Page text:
The inherent drama of an artist and his hereditary demons is muffled in this poorly organized work.

Pub Date: Sept. 9, 2010

ISBN: 978-1-57423-216-5

Page Count: 160

Publisher: Black Sparrow/Godine

Review Posted Online: July 21, 2010

Kirkus Reviews Issue: Aug. 15, 2010

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THE THINGS THEY CARRIED

It's being called a novel, but it is more a hybrid: short-stories/essays/confessions about the Vietnam War—the subject that O'Brien reasonably comes back to with every book. Some of these stories/memoirs are very good in their starkness and factualness: the title piece, about what a foot soldier actually has on him (weights included) at any given time, lends a palpability that makes the emotional freight (fear, horror, guilt) correspond superbly. Maybe the most moving piece here is "On The Rainy River," about a draftee's ambivalence about going, and how he decided to go: "I would go to war—I would kill and maybe die—because I was embarrassed not to." But so much else is so structurally coy that real effects are muted and disadvantaged: O'Brien is writing a book more about earnestness than about war, and the peekaboos of this isn't really me but of course it truly is serve no true purpose. They make this an annoyingly arty book, hiding more than not behind Hemingwayesque time-signatures and puerile repetitions about war (and memory and everything else, for that matter) being hell and heaven both. A disappointment.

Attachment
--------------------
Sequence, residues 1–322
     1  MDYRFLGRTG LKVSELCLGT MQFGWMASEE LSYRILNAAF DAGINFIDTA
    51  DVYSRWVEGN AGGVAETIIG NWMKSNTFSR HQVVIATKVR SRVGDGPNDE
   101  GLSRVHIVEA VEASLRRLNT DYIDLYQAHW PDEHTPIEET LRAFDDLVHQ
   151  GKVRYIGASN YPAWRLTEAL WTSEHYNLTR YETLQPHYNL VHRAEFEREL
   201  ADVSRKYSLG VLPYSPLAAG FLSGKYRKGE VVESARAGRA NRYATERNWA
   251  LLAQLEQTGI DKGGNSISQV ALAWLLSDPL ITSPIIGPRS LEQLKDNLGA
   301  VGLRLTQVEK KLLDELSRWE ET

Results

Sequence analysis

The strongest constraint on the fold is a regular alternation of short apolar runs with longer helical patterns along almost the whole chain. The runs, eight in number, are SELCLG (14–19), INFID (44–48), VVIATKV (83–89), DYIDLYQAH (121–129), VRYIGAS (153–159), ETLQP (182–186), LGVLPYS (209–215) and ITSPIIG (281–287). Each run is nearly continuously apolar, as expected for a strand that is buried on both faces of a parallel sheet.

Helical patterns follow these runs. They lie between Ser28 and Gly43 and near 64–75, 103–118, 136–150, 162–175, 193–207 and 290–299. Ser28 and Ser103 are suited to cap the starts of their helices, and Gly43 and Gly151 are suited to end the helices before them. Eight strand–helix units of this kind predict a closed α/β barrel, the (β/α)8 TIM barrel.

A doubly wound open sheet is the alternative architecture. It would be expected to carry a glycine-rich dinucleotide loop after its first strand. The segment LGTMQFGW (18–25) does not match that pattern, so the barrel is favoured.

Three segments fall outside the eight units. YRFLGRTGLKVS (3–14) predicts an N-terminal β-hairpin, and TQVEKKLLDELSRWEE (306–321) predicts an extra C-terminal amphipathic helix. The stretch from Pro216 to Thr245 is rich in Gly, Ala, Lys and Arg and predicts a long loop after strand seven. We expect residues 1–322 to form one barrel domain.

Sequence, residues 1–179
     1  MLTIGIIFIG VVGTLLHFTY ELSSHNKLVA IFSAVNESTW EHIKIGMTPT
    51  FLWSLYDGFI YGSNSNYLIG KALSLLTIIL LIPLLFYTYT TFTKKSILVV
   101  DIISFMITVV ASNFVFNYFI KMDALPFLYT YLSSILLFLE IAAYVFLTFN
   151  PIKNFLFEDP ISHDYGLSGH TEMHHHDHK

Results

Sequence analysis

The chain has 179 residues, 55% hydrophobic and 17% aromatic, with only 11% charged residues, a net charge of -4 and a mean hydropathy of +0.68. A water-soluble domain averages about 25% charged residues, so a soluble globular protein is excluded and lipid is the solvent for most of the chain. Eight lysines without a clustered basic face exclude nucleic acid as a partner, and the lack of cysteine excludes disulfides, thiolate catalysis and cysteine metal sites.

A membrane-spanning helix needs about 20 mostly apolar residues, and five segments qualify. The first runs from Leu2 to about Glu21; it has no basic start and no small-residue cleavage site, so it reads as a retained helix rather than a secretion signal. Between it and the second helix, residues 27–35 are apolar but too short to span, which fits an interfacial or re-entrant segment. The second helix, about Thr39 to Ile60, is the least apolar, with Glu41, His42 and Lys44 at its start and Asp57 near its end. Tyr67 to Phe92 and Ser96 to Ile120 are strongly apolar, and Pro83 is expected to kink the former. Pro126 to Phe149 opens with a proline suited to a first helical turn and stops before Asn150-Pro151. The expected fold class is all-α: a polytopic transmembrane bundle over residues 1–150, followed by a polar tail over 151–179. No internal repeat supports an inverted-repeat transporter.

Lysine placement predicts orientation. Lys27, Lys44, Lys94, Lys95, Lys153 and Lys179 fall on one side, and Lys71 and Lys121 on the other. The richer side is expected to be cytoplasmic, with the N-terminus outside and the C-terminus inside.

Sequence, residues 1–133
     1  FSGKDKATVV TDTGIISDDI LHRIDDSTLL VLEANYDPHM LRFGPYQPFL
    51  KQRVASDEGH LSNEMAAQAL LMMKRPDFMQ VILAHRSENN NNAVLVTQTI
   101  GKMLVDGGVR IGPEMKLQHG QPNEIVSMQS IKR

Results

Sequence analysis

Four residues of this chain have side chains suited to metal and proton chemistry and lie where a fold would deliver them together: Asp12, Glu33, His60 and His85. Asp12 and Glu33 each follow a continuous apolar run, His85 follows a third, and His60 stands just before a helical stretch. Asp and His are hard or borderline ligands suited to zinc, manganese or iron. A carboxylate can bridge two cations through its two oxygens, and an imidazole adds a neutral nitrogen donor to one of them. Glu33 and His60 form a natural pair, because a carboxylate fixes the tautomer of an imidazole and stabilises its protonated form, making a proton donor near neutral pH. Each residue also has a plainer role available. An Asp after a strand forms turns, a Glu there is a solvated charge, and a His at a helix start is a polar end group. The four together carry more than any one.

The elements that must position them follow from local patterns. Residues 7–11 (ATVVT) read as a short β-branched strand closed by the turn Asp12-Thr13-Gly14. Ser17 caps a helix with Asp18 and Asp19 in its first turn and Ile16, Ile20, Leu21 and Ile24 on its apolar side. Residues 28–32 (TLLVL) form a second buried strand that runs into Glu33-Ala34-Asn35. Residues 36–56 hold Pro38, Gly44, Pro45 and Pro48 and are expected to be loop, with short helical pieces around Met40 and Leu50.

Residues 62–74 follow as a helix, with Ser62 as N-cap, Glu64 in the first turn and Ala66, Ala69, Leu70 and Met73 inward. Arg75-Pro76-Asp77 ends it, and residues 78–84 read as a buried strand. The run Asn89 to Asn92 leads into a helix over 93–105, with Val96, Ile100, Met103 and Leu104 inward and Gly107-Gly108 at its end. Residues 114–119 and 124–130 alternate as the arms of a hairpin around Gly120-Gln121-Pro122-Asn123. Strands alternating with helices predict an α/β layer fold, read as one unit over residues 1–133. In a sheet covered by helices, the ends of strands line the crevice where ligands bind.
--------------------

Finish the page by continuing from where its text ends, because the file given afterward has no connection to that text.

Pub Date: March 28, 1990

ISBN: 0618706410

Page Count: 256

Publisher: Houghton Mifflin

Review Posted Online: Oct. 2, 2011

Kirkus Reviews Issue: Feb. 15, 1990

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Readers seeking a tale well told will take pleasure in King’s sometimes-scary, sometimes merely gloomy pages.

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THE BAZAAR OF BAD DREAMS

STORIES

A gathering of short stories by an ascended master of the form.